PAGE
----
Most of us are aware of link penalties that occur if you have low-quality or spam links pointing to your site. But did you know you can also be penalized by Google for how you link to other websites from your site? Yup, you sure can. It’s called an “unnatural outbound links” penalty, and similar to the inbound link penalty, it can be applied partially or sitewide.
Recently, we conducted an audit for a new client, and we flagged the spammy linking that was being done in a particular section of their site. The content manager was unknowingly allowing guest bloggers to submit content to be published with links pointing back to their sites. This content contained a high volume of links and overoptimized anchor text.
Our recommendations to remove these links were ignored and not seen as high-priority, despite our efforts to convey the severity of this issue.
Then Google released the Penguin 4 real-time update. Soon after, our client’s site was flagged for a manual penalty. Below are screen shots from Google Search Console outlining the manual outbound link penalty for partial site matches.
How to avoid an outbound link penalty
Here are some tips to help you avoid an outbound link penalty:
- Avoid linking to spam and low-quality websites.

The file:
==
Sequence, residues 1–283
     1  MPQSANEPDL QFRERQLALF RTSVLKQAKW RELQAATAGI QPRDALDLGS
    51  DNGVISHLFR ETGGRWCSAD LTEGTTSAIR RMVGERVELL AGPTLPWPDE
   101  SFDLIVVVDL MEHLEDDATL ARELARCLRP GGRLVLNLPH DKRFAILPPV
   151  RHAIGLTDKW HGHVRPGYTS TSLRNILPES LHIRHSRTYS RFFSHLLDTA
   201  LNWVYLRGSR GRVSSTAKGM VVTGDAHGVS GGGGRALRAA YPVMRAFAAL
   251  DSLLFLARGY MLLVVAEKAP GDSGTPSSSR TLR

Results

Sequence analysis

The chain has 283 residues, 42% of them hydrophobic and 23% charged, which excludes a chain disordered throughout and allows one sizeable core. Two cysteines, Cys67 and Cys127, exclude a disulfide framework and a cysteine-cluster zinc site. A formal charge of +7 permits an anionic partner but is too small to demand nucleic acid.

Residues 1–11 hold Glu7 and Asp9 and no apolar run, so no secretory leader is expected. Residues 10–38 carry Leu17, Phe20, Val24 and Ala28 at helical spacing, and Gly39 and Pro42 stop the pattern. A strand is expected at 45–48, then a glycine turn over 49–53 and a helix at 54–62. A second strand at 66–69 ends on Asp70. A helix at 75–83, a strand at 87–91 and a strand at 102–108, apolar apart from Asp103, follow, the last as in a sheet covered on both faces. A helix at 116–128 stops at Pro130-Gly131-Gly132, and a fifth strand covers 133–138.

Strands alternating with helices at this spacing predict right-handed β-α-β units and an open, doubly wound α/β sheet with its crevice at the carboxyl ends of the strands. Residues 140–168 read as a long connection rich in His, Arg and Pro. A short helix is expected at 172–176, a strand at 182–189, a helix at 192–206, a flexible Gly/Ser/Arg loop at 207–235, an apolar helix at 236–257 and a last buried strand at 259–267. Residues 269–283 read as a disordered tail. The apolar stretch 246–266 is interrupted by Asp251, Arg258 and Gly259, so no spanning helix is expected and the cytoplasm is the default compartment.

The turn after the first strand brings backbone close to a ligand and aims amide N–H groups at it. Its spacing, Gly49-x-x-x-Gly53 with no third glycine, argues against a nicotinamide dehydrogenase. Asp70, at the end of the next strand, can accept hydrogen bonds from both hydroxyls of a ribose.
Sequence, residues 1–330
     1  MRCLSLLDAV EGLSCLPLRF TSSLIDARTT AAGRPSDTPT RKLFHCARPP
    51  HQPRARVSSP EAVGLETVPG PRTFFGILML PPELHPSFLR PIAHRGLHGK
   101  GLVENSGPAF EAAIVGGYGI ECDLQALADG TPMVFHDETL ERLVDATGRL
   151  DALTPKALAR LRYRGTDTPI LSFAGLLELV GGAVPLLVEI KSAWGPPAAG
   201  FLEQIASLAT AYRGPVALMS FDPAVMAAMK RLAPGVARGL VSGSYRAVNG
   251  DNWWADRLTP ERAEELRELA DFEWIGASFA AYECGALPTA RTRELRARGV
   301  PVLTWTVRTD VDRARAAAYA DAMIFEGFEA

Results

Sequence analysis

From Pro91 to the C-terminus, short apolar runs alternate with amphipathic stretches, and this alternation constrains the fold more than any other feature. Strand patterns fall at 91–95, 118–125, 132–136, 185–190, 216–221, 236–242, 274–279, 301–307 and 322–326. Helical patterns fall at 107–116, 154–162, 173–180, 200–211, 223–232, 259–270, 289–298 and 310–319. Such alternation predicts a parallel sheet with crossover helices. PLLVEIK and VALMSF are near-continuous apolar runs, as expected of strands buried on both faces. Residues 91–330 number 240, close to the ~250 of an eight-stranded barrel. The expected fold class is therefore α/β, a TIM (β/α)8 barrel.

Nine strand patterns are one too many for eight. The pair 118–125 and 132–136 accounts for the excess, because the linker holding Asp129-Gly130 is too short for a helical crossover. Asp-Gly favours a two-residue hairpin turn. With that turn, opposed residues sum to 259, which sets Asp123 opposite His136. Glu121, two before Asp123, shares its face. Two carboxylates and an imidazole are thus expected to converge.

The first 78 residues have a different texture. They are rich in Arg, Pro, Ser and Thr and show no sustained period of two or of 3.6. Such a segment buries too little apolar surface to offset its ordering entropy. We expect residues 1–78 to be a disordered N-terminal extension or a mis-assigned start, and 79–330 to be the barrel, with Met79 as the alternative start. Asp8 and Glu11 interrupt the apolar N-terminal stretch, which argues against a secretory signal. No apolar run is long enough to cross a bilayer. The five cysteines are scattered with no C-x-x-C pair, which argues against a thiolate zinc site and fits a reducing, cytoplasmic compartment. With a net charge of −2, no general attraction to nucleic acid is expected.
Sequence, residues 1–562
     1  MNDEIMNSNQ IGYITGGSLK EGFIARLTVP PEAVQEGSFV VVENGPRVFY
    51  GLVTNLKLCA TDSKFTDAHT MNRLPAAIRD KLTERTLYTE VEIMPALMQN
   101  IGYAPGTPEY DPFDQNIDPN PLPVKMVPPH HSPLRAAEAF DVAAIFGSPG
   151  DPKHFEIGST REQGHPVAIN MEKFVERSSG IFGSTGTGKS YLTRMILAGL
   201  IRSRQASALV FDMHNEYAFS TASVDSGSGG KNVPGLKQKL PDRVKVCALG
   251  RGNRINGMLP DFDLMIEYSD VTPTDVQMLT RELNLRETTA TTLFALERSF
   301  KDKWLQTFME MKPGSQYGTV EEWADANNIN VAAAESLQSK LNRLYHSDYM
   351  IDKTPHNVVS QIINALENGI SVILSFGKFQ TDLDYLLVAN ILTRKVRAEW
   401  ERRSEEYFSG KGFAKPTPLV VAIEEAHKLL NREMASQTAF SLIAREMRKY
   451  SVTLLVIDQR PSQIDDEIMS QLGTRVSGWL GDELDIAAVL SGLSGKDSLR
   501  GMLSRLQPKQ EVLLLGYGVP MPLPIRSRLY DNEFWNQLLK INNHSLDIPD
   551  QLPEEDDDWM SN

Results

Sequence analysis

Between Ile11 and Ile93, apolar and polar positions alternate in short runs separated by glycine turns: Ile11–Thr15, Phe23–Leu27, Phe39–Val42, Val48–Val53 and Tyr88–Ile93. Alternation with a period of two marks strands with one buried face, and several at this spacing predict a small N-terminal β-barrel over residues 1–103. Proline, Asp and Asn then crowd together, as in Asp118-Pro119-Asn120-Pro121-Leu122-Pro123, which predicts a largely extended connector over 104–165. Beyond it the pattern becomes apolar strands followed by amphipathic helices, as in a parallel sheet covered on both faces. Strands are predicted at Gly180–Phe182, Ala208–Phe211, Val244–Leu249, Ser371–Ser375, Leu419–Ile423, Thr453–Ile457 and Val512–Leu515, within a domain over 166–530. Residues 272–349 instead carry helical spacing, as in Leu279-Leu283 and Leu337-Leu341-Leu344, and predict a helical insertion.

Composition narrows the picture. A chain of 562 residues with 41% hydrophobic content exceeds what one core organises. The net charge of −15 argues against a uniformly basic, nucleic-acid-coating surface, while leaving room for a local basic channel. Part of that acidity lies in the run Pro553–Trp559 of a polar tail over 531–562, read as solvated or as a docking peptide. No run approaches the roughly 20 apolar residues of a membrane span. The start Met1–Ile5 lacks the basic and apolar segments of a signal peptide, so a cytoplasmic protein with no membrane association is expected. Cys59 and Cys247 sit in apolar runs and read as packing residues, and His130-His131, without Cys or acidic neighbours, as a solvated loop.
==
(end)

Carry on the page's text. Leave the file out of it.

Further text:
- Nofollow links in user-generated content by default, or simply don’t allow them.
- Don’t allow any links within guest post content that is published on your site, unless someone on your staff has manually reviewed and approved the links.
- Do not link to sites that are providing you with some type of compensation for doing so, such as money, goods for services or reciprocal links.
- Train your site’s content managers to be aware of who and what they are linking to. Reference Google’s Link Scheme resource page.
What to do if you’re penalized
If you’ve received an outbound linking penalty, you should take the following steps to facilitate a resolution:
- Identify the links on your site that are pointing to external websites. You can use a tool such as Screaming Frog (External Report) to identify outbound links.
- Audit these links to identify the ones that do not meet Google’s guidelines.
- Remove the problematic links, or add a nofollow tag to the links so they do not pass PageRank.
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- Submit a reconsideration request in Google Search Console. Outline what changes were done on your site to remove the link issues. Be as detailed as possible, and outline what steps you have put into place to prevent this from happening again.
Some opinions expressed in this article may be those of a guest author and not necessarily Search Engine Land. Staff authors are listed here.
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Author: Tony Edward